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Dementia can cause your loved one to stop eating for many reasons. Sometimes, they may refuse to eat as they think they already have done, or they don’t have an appetite. Dementia can also affect their ability to feel and recognize hunger. For those with dementia, eating is an important part of their care. Below we look at a few ways in which you can ensure your loved one with dementia is eating.
Leave Cues to Eat
If you are worried your loved one simply forgets to eat, leave cues around the home for them to eat their meals and to remind them of where the plates, cutlery, and food are. Visual cues for those with dementia can help remind them to eat and where to get items, which is another reason they may not eat. Often for those with dementia, eating little and often is easier to maintain than sitting for three large meals. Medications can cause a decrease in appetite, so bringing a big plate of food to the table may only cause distress.
Be There for Meal Times
Being there for mealtimes will ensure your loved one is eating. Only bring them to the table to eat when the food is ready, as this will cause less confusion. Having no distractions at mealtimes (such as the TV blaring) will also help them to concentrate on the task at hand. If they need prompting, try putting the cutlery in their hands or giving them their first mouthful, as this may remind them of what they are doing. Eating with them will reduce the pressure they may be feeling, and watching you eat is another good reminder. Encourage and prompt them gently to swallow, take sips of their drink, and carry on eating.
Helping with Physical Changes
Dementia can cause individuals to forget or struggle while using a knife and fork, as well as forgetting to swallow their food. Eating and drinking independently are important for those living with dementia, so offering food that is easy to eat can help with these physical changes.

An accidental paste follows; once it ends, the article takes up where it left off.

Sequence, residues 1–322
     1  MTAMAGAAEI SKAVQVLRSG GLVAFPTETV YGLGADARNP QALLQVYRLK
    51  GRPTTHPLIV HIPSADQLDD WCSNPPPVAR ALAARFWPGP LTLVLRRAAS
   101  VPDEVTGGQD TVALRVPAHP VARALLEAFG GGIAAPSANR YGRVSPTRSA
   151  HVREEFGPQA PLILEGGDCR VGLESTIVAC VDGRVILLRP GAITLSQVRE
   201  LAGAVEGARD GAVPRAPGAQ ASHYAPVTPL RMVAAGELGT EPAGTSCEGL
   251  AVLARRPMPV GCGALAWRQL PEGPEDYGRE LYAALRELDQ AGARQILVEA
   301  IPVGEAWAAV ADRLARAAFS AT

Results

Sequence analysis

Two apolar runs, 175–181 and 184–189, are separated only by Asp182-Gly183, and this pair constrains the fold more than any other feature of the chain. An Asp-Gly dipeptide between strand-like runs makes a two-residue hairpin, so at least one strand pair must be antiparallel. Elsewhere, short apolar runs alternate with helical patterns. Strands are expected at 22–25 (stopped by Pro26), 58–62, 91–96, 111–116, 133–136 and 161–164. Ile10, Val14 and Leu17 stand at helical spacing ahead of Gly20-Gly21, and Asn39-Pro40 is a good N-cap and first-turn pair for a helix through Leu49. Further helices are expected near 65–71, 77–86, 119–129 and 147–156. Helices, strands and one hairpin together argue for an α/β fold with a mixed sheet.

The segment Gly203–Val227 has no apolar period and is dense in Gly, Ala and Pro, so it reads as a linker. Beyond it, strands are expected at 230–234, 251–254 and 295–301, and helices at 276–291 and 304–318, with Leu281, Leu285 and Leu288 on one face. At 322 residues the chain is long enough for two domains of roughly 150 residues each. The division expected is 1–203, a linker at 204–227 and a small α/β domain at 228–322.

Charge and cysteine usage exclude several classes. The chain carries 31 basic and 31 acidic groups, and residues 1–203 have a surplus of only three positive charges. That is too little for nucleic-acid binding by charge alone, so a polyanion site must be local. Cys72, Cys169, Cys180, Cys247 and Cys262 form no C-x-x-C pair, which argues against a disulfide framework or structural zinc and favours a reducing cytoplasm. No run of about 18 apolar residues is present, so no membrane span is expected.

Cutting the food into manageable pieces can help them to eat independently, and only providing the cutlery that is needed for the meal will cause less confusion. If they are struggling with cutlery, turn your attention to finger foods such as cheese, fruits, and sandwiches. Dementia can also affect their eyesight, meaning different colored plates may help them to see their food.
Consider Senior Living
If you are worried your loved one isn’t eating enough, assisted living is a great choice to ensure they don’t lose weight and become more prone to illness. It’s difficult to provide round-the-clock care to a loved one with dementia, but senior living can offer this and much more. The Bluffs at Greystone, part of the Phonix Senior Living community, for example, provides individualized care plans, gourmet meals, and daily wellness checks.
Leaving visual cues and being there for mealtimes will ensure your loved one with dementia is eating. Make changes to allow them to remain independent as possible and be sure to prompt them when required. If you are struggling to care for your loved one with dementia, consider senior living.